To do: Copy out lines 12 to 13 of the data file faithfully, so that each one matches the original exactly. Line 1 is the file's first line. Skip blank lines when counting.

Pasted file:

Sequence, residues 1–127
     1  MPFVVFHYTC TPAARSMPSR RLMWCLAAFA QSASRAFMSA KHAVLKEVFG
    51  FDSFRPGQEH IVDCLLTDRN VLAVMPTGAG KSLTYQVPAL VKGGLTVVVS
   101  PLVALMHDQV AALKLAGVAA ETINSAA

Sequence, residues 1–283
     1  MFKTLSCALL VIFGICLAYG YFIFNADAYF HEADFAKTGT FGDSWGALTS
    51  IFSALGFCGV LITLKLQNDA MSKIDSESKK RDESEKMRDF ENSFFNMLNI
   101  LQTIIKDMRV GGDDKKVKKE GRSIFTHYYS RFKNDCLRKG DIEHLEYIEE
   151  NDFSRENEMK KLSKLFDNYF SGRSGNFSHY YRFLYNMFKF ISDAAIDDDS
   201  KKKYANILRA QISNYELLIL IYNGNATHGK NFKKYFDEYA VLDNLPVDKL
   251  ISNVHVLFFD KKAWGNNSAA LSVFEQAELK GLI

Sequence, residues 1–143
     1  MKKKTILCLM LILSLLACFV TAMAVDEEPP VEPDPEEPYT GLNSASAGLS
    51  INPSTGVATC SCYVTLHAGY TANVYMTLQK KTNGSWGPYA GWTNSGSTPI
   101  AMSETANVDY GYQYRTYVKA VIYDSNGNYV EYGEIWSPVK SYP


Sequence, residues 1–143
     1  MKKKTILCLM LILSLLACFV TAMAVDEEPP VEPDPEEPYT GLNSASAGLS